1970 Chevy Camaro - Speed and Engineering

Detroit Speed & Engineering

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The '70 Camaro brought to the 1st Annual Nitto Suspension & Handling Challenge is the personal car of Detroit Speed and Engineering owner Kyle Tucker. The Camaro takes care of several issues. First, it gives Kyle a testing platform for the company's new line of second-gen Camaro parts. Secondly, it keeps him from borrowing his wife Stacy's '69 Camaro. Lastly, it's just plain fun.

The Camaro was finished just two weeks before the Challenge, and the DSE crew only had a short time to get the car dialed in. This included a 150-mile highway cruise and running the car through a slalom course they set up at a local track. Still, this was the car's first time at an actual event.

Since Kyle wanted his Camaro to handle like it's on rails, he bolted on the best DSE has to offer. Up front he installed their front subframe package, and while it's a large piece, it's a strictly bolt-on deal. It also allowed use of ultra-wide 10-inch-wide front wheels. This aspect really helps in the lateral grip department. Out back they went with their Quadra Link system. While the system can be installed without mini-tubs, DSE feels that it works best with the wider rollers allowed by them. For both the front and rear they also went all out by installing their double-adjustable monotube shocks with the remote canister option.

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Driver's Impression - On The Autocross CourseThe DSE Camaro measured off the scale on the grin meter, and I enjoyed every second behind the wheel. Overall, the suspension and steering were precise, neutral, and very responsive. The acceleration was incredible; the car took power application and planted itself to the pavement. From 4,500 rpm to redline, it felt like someone kicked on afterburners to give yet another surge of power. This car just would not quit!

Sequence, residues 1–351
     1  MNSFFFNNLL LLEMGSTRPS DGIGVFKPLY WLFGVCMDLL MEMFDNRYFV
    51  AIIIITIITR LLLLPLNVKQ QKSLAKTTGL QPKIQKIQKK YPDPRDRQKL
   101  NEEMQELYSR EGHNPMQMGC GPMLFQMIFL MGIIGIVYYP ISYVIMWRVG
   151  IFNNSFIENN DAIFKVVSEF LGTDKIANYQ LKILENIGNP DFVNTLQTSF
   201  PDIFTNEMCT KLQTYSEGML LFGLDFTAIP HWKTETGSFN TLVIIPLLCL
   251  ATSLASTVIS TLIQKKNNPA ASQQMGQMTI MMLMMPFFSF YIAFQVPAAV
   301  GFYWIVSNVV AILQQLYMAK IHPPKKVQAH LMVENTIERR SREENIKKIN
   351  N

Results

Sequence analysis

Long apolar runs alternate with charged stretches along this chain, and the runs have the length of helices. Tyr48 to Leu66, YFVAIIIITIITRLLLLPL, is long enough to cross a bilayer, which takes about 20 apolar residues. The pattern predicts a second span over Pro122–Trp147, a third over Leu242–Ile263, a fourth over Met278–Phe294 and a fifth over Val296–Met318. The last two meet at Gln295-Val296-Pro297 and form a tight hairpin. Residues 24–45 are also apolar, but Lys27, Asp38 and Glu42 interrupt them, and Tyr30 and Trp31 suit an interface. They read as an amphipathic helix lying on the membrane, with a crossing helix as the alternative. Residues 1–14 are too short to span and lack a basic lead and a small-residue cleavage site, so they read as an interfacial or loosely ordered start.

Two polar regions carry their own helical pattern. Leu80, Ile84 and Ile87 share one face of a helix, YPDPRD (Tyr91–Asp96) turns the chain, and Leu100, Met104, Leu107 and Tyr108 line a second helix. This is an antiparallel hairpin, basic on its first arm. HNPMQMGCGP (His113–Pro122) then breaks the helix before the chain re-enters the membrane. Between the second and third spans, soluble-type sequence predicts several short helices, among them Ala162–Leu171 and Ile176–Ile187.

It was very easy to drive; corner entry trail braking gave predictable and very manageable rotation, and when in the proper track-out exit position, open the throttle plates and you're moving on to the next set of cones. I never felt like I reached the limits of the suspension, and I could have continued well past my allotted five runs trying to do so. This is a "feel" car where you just look ahead and feel what's happening underneath your butt. Again, a very predictable, easy, and fun car to drive.

While it appears this Camaro walks on autocross water, there were a couple of things I didn't like about it. One was the brakes, as they were somewhat touchy with lockup. However, this was manageable once this response revealed itself. The other problem was with ergonomics, as the steering wheel was positioned too low. Correcting these things will make this car extremely competitive in any track or autocross event.-Mary Pozzi

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Driver's Impression - On The StreetDSE's cars have always done well in our instrumented tests, and I'd driven Stacy Tucker's '69 Camaro a bunch the last time I was in California. It was a fine piece, so I couldn't wait to drive Kyle's new second-gen car. It exceeded even my expectations. The lack of an adjustable steering column threw the ergnomics out of whack, but the Recaro seats were fantastic, and the A/C blew ice cubes. Go argue with that.

Loved the power of the carbureted LS 6.2L under the hood, and the five-speed shifted flawlessly, but it was ultimately the handling that impressed me. Like their '69, the ride was definitely on the firm side, but definitely not harsh. This car felt about midpack as far as ride quality went. The steering was very accurate, though it was a tad light for my taste. Ultimately, it had about as much grip as you'll ever need on the street. It would not be inexpensive to duplicate this setup, but it absolutely demolished the C5 in the autocross, slalom, and skidpad. What more could you ask for?-Jim Campisano

Detroit Speed & Engineering '70 CamaroTotal cost of suspension parts: $11,192 (including mini-tubs)Estimated install time: 48 hoursInstall note: Front: bolt-on and Rear: hand tools with some welding

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